Tax Authorities are the most powerful authorities in California.

If California Tax Law is superceded by one department, what is to prevent other departments from also claiming they supercede California tax laws? First the DOJ, then the DMV, County Health, Medi-cal, etc. Everyone would start to ignore California tax laws then.

There would be no end in sight, and without the ability for California to tax it's citizens, California as a state cannot function.
  #38  
Old 10-03-2017, 11:45 AM
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Originally Posted by RickD427 View Post
The FTB document that you cited to very clearly states the scope of its applicability in it's very first paragraph and that applicability does not include firearms.
I've done a word search on that document, and there is no word that says "firearm" or "handgun".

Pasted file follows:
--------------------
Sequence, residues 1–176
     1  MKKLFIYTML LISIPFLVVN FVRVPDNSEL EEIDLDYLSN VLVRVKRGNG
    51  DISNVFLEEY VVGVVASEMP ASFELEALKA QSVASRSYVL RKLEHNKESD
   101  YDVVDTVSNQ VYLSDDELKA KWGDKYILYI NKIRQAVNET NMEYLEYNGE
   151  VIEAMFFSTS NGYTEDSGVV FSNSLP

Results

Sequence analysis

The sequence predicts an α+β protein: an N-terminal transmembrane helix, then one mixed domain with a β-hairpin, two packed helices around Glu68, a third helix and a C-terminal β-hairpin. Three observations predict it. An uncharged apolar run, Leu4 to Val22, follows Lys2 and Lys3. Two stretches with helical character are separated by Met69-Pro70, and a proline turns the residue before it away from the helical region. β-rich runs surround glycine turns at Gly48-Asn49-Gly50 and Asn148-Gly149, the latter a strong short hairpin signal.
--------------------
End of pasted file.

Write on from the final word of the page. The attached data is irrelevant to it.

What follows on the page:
California Tax Law is by necessity, the overarching law in the state. Without taxes, a government cannot function. Taxes fund all California government institutions . If one department thinks their rules supercede California's tax laws, what's to prevent all departments to think they supercede tax laws?
  #39  
Old 10-03-2017, 11:52 AM
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Either way, I already called the Department of Justice and asked them about this particular situation. They told me that someone who works 1.5 years out of state consecutively, it is okay for them to bring back non-roster firearms as long as they follow the requirements for new resident.

No one likes taxes. But the tax authorities bow down to no one. The ability to collect taxes is not something that even bankrupcty Chapter 11 authorities can challenge.
  #40  
Old 10-03-2017, 12:05 PM
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Quote:
Originally Posted by SoCal P320 View Post